The hippie culture began in the Goa during the late 60s and continued to through early 80s started fading in the early 90s and it is now on the verge of vanishing completely from Goa. The Hippie tourism gave Goa an image of paradise where foreigners would dwell freely and fearlessly, roam around any part of the state without the fear of getting robbed or raped. But that paradise has died its slow death and new commercial tourism became the trend of the day.   

Goa is the only place in India where foreigners loved to spend the quality time, the trend started by the Hippies turned Goa into the premier tourism destination for the foreigners. The foreigners would look at Goa as a paradise and that shows in the early 80s tourism trend in the state. But the rampant commercialization of the tourism sector shied away from the foreigners in a due course of time and today we have more commercial tourists coming down to Goa to do the business here.      

The hippie world of Goa is something that takes everybody’s attention. The laidback attitude, colorful clothes and white tourist smoking pot and dancing around the fire is a sight that one would not want to miss. Their lifestyle is something that draws people in. Goa is a breeding ground of the hipsters.

Although Goa has been commercialized, the hippie culture still breathes around the beaches of Anjuna, Vagator, and Morjim. This offbeat culture has a very interesting story to it and this story has caused a whole new movement that has inspired millions of people worldwide. As history goes…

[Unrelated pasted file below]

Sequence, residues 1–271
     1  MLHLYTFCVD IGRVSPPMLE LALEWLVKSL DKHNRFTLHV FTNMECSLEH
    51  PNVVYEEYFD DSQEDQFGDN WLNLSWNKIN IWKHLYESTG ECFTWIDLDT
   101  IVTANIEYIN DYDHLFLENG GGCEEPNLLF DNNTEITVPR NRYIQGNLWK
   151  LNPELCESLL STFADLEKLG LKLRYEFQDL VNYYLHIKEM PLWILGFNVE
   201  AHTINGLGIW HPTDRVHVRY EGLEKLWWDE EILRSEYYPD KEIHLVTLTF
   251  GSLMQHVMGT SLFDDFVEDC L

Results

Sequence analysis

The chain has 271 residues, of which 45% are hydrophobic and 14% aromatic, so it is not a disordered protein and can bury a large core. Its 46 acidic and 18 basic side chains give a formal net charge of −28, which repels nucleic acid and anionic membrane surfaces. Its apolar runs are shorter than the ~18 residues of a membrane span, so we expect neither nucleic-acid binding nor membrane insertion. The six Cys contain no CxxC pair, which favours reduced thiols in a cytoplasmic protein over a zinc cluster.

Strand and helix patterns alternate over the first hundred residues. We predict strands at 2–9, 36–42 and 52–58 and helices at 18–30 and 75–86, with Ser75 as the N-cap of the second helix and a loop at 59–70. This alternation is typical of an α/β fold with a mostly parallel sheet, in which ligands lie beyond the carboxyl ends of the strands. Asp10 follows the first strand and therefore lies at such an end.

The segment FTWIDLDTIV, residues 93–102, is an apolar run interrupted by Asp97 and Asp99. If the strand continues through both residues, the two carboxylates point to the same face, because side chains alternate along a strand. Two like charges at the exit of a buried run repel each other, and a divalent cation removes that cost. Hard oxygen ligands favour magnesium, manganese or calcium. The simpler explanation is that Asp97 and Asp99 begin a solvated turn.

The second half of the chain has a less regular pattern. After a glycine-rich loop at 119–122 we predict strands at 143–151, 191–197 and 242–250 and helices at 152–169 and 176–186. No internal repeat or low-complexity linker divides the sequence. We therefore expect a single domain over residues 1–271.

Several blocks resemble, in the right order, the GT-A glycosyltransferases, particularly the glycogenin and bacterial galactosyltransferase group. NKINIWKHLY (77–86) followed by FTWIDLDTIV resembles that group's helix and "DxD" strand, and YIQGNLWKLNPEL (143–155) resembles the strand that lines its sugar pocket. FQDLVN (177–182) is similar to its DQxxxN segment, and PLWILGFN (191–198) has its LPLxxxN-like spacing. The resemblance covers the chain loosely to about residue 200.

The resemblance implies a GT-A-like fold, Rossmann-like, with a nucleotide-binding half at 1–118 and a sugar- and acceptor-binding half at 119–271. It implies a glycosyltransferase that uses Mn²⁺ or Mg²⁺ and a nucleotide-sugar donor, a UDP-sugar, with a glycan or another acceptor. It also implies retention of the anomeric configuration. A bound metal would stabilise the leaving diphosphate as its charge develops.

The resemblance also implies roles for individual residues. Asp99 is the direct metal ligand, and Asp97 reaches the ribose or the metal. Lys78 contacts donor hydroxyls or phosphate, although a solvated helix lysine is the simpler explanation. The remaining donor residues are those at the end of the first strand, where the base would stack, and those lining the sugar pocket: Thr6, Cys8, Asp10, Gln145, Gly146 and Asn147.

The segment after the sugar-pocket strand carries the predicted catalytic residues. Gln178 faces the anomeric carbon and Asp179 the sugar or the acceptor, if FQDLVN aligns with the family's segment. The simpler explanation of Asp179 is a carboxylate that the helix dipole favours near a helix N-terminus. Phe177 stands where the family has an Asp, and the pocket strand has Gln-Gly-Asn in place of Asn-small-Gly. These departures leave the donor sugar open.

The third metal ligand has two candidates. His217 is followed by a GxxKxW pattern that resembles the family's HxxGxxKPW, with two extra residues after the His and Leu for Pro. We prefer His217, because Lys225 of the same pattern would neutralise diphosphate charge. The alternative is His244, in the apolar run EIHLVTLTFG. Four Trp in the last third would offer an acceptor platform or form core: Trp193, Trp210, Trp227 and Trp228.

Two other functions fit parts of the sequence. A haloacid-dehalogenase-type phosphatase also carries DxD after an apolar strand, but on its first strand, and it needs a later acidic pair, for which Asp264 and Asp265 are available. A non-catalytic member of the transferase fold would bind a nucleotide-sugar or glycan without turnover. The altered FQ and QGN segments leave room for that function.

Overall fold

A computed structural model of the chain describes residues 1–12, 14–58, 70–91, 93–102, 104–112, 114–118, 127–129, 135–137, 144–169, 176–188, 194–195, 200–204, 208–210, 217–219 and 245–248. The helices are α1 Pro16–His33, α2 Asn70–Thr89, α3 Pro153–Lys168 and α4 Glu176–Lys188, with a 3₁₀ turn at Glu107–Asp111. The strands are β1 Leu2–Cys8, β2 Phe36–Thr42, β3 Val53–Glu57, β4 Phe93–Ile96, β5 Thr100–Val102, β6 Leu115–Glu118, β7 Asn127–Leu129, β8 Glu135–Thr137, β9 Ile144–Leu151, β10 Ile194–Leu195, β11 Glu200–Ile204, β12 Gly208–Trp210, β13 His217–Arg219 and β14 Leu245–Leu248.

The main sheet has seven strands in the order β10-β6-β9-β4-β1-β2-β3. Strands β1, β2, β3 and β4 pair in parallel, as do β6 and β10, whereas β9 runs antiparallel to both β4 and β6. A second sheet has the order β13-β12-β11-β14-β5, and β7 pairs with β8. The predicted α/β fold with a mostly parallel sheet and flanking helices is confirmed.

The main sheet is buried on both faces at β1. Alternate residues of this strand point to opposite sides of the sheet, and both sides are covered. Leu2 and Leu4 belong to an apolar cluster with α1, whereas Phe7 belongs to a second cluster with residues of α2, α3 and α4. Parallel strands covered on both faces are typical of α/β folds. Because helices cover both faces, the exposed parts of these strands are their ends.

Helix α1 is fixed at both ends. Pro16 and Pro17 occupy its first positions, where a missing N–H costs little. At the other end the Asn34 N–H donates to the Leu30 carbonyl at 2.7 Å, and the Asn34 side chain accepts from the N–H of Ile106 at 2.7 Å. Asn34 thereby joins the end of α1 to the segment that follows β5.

It all started with a man named Yertward Mazamanian a.k.a eight finger Eddie. He was the first hippie to settle in Goa and credited as the man behind the hippie movement.  This Armenian descent hippie arrived in Goa in the late 60s and lived for a brief period in Colva. He soon moved to Anjuna as the beauty of that place lured him. He never considered himself a hippie. Instead, he called himself a freak who landed in Goa and liked it so much that he wanted to stay.

He had a transition from being a regular Church-goer and an honors student working in General Electric Company to getting fired and developing a disregard for routine wage work. In his memoirs he stated “I abhor work, begrudging every moment I’ve wasted as a wage earner. My aim in life is to get through life doing what I want to do.” This gave birth to Eddie who is now referred to as the ‘King of hippies’. He traveled around Nepal, Kathmandu to finally arrive in Goa. He opened a soup kitchen in Anjuna where he sheltered and fed the European travelers venturing into Goa. He stated “In those days, they came overland from Europe in camper vans and no one had any money” He understood the financial situation of travelers at that time and found a house in Anjuna that he offered as a shelter to the tourists free of cost.

The locals, however, were okay with these hippies living around. They watched them as they performed the yogic exercise, played music, smoked pot and wore bright colorful clothes. Local writer, Dominic Fernandes commented saying “They were in love with this place. And we fell in love with them, because of the way they lived.”